FEELINGS THERMOMETER

When I started working with Buddha he had a hard time with self-awareness. Something that a lot of my students struggled with.  He had trouble using words to express when he was angry, happy or sad. So, I immediately printed out pictures and examples of what those emotions looked like. I also created a “How do I feel” chart for his room.

Come to my surprise… it didn’t work. Which, by the way, happens all the time! Over the past few years, I have tried a bunch of different tools with children that just don’t work. Either it is too confusing, too easy, or not interesting to them. It is so important to know that every child is different and every child needs DIFFERENT TOOLS.

But, I did not give up. I reached out and spoke to Buddha’s therapist and she told me that a “feelings thermometer” has worked for her in the past. So I went home and created a visual thermometer with numbers and colors to use. This time IT WORKED! He loved using it and found it so easy. Instead of using specific words to express his anger, all he had to say was that he was “at a 10”. And instead of saying he was feeling happy or content he could say he was “at a 1”.  Not only is Buddha more self-aware, but now it is easier for his parents and me to respond to his emotions (i.e. if he is at a 10 we do a set of cooldown steps that I will share in the next few weeks)

 

HOW TO USE THE THERMOMETER:

  1. Print it out and laminate it. Feel free to add other things to it if your child needs more assistance (i.e. pictures of real people angry or sad).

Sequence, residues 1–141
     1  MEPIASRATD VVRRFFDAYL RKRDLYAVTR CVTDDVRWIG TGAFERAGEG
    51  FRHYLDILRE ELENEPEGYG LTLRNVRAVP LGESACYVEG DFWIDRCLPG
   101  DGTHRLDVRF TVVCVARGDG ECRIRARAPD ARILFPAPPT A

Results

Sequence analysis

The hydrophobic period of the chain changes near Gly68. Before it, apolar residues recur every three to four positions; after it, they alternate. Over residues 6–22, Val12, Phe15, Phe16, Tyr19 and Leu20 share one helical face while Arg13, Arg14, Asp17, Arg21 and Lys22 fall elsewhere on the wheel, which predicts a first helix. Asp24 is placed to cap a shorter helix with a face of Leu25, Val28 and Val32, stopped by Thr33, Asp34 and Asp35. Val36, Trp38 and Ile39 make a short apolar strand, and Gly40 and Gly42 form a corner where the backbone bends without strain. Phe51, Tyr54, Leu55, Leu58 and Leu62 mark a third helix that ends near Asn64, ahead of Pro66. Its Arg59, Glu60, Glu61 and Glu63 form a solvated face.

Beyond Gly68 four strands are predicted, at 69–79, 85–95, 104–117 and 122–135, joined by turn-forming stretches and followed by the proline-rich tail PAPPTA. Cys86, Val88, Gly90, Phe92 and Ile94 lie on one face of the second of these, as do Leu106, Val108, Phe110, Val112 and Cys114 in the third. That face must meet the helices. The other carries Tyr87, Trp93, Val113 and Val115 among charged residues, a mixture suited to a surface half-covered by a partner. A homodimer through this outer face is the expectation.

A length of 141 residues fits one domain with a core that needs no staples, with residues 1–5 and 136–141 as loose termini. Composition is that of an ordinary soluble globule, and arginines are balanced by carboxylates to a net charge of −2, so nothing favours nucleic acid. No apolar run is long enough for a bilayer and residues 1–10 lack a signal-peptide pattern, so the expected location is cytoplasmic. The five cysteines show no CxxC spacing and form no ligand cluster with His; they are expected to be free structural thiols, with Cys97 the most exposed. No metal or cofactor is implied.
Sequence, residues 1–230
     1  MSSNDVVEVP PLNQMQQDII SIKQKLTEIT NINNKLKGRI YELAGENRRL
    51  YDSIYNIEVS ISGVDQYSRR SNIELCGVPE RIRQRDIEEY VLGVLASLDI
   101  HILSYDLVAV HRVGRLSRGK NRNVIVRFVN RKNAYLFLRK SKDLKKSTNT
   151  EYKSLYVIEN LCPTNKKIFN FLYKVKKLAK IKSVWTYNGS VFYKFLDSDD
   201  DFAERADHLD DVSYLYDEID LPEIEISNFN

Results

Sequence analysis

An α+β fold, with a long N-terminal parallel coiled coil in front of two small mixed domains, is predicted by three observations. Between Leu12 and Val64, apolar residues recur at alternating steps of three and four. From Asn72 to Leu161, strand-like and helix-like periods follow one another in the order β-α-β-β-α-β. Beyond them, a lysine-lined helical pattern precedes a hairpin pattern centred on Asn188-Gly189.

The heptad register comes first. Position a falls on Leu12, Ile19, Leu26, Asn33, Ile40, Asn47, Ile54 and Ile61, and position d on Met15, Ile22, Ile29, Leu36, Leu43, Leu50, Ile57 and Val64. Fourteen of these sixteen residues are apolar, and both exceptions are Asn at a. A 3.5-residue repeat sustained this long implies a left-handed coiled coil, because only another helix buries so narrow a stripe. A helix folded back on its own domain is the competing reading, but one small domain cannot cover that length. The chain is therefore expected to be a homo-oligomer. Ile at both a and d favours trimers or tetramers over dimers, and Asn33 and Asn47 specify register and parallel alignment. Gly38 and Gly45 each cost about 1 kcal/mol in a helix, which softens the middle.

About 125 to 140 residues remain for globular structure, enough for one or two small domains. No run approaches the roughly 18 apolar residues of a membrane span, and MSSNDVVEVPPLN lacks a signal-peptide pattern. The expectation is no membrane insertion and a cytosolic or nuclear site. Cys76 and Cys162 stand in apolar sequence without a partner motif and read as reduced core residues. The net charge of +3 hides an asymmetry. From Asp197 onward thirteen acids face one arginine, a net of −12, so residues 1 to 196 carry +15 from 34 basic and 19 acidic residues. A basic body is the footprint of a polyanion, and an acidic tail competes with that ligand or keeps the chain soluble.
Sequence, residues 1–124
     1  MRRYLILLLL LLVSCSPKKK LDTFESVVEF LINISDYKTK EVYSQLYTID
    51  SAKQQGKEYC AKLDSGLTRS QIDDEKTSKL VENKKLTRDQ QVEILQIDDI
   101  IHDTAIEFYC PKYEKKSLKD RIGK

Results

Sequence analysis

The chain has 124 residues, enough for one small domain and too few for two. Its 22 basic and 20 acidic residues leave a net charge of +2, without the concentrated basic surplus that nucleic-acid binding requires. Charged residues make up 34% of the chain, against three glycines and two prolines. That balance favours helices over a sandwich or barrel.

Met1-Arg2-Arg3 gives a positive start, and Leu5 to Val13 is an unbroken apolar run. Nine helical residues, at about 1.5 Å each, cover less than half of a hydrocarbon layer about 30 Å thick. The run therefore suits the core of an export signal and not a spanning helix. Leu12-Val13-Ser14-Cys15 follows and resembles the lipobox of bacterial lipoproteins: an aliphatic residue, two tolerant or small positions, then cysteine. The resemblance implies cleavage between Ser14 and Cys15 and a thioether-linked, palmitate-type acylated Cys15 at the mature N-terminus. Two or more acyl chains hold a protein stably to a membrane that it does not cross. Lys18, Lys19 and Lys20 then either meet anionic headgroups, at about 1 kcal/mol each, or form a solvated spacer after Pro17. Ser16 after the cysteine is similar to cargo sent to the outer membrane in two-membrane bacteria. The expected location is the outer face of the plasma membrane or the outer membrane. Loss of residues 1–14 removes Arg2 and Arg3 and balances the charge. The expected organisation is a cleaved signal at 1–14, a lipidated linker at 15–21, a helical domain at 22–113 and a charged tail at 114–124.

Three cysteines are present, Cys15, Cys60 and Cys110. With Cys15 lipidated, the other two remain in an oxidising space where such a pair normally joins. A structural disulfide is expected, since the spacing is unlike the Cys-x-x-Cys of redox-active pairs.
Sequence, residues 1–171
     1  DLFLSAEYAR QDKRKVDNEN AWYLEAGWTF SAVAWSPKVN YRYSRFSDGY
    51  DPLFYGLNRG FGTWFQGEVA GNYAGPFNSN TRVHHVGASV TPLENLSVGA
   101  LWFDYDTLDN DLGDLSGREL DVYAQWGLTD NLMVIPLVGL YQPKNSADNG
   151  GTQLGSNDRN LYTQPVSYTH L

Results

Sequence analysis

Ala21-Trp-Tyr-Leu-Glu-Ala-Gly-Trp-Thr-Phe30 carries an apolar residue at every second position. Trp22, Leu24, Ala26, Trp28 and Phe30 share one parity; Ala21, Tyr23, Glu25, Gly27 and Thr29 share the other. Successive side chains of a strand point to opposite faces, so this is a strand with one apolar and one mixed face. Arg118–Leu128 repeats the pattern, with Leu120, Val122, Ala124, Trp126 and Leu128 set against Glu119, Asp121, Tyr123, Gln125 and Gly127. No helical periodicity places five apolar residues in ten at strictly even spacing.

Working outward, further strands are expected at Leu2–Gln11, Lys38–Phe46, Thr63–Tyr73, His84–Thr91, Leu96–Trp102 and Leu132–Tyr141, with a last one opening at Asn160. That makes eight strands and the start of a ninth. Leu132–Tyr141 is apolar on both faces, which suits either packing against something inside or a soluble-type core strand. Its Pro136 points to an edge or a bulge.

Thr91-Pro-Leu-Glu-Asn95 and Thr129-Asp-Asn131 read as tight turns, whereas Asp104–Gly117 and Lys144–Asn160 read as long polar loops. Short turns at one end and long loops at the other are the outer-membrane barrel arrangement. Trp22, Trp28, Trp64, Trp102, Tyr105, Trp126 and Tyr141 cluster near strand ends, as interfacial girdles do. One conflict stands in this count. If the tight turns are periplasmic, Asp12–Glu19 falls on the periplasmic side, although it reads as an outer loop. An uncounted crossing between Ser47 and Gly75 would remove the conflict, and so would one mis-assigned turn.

2. Make extra copies so you can take it with you when you go out. For Buddha, I created 2 smaller versions and laminated it so he can carry it in his book bag.
  3. Review it with your kids. Go over the picture and explain what each number/color means. If they are feeling angry it will be at the top (in red) of the thermometer VS. if they are feeling content and happy it will be at the bottom (in green) of the thermometer. Make it clear that it is ok to feel any number.
  4. Ask them consistently as possible “what number are you feeling?”. It’s important to ask them this even when they are not feeling sad or angry. It’s just a good way to check in and have them practice.
  5. Give positive praise when they use it. Every time they honestly tell you what number they are on celebrate it! Feel free to give them points as well as an incentive.

 

Download the thermometer below along with a smaller version so you can travel with it 🙂

Thermometer Feelings Chart

Thermometer Travel Size

 

 

 

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